This quiz covers everything from the Revolutionary War to the Supreme Court to the moon landing. Do you have what it takes to ace this quiz? If so, prove that you are an expect on these basic facts with this American General Knowledge Quiz!
George Washington was born on Feb. 22, 1732. He had three brothers: Samuel, John Augustin and Charles.
After President Franklin Roosevelt died in office, Congress passed the 22nd Amendment. This Amendment limits elected presidents to two terms in office.
In 1946, John F. Kennedy became the representative for Massachusett's 11th congressional district. He was 29 years old.
During the American Revolutionary War, Benjamin Franklin led the team responsible for forming an alliance with France. Franklin's popularity in France led to French support from the country and its Foreign Minister Comte de Vergennes.
On the morning of Sept. 14, 1814, Francis Scott Key wrote the lyrics to "The Star Spangled Banner." He was inspired after seeing the American flag still waving above Fort McHenry.
The 13 original colonies were founded between 1607 and 1776. They are Delaware, Connecticut, New Jersey, New York, Rhode Island, Pennsylvania, Virginia, North Carolina, South Carolina, Georgia, Massachusetts, Maryland and New Hampshire.
Prior to the Executive Order of June 24, 1912, the design varied depending on who made the flag. This order dictated the proportions of the stripes and that the stars should be arranged in six horizontal rows with one point of each star facing upward.
Jefferson Davis was the first and only president of the Confederate States of America. He was born in Kentucky and raised in Mississippi.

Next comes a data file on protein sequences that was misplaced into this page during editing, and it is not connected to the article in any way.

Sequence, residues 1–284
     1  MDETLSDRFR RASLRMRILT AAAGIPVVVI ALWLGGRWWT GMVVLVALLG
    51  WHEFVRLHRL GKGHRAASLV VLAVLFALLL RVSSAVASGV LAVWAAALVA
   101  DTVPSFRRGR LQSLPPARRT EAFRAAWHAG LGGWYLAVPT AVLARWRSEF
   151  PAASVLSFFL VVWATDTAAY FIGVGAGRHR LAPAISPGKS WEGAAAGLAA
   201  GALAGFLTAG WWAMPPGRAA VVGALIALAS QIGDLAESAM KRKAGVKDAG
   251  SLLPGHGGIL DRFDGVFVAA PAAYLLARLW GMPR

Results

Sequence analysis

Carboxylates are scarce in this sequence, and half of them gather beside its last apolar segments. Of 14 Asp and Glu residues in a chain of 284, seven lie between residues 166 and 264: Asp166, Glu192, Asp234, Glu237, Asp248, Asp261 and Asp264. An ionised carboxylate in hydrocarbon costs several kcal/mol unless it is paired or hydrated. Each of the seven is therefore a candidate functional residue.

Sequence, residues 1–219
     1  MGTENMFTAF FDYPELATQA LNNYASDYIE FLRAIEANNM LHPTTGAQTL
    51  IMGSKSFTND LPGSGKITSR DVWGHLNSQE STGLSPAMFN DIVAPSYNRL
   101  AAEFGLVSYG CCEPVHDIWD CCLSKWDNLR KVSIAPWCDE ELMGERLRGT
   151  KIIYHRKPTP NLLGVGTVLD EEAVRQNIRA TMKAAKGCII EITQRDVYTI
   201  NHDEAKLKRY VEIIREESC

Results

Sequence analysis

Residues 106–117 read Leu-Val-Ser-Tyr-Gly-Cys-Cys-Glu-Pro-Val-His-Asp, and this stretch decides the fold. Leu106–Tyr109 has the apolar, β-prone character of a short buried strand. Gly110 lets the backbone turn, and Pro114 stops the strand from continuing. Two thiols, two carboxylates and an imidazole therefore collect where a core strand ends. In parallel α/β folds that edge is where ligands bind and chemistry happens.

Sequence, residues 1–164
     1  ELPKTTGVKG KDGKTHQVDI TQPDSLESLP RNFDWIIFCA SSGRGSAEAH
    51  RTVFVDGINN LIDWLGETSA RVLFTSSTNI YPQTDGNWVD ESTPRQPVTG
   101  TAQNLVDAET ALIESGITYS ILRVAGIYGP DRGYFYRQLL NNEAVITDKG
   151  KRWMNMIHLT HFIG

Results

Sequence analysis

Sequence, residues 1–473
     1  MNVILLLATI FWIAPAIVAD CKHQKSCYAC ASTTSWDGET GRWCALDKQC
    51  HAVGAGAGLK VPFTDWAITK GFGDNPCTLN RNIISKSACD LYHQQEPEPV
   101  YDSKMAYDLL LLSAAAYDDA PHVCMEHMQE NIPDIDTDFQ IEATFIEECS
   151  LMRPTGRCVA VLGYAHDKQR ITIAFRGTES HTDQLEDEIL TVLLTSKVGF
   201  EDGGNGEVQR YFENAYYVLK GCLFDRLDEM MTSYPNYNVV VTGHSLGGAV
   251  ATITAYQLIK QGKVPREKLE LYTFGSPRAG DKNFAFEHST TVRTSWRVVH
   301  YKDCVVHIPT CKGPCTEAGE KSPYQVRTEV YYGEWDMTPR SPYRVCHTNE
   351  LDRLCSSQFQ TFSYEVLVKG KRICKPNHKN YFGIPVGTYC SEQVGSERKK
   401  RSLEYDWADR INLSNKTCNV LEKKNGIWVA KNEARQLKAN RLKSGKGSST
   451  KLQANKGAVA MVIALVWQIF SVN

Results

The California Gold Rush was set off by the discovery of gold nuggets in the Sacramento Valley. Thousands of people made their way to California in the hopes of finding gold
Andrew Jackson's Indian removal policy is responsible for the Trail of Tears. In 1838 and 1839, the Cherokee nation was forced to move to present-day Oklahoma.
Before Benedict Arnold defected to Britain, he participated in the capture of Fort Ticonderoga in 1775 and helped orchestrate the surrender of British General John Burgoyne's army at Saratoga. In 1779, he offered the British West Point in exchange fora command in the British Army and money.
On December 16, 1773, the Boston Tea Party took place at Griffin's Wharf in Boston, Massachusetts. During the event, 342 chests of British tea were thrown into the harbor.
In 1774, the First Continental Congress convened in Carpenters' Hall. A few years later, Thomas Jefferson would write the Declaration of Independence in the nearby Graff House.
During the time it operated, Ellis Island processed 12 million immigrants. Today, approximately 40 percent of Americans can trace their family back to Ellis Island.
On Dec. 7, 1941, Pearl Harbor was attacked by hundreds of Japanese fighter planes just before 8 a.m. Twenty American naval vessels were destroyed or damaged in the attack.
Gerald Ford became president after Richard Nixon resigned. Nixon's vice president, Spiro Agnew, had had previously resigned due to a tax scandal.
Richard Nixon was the 37th president of the United States. He served from 1969 to 1974.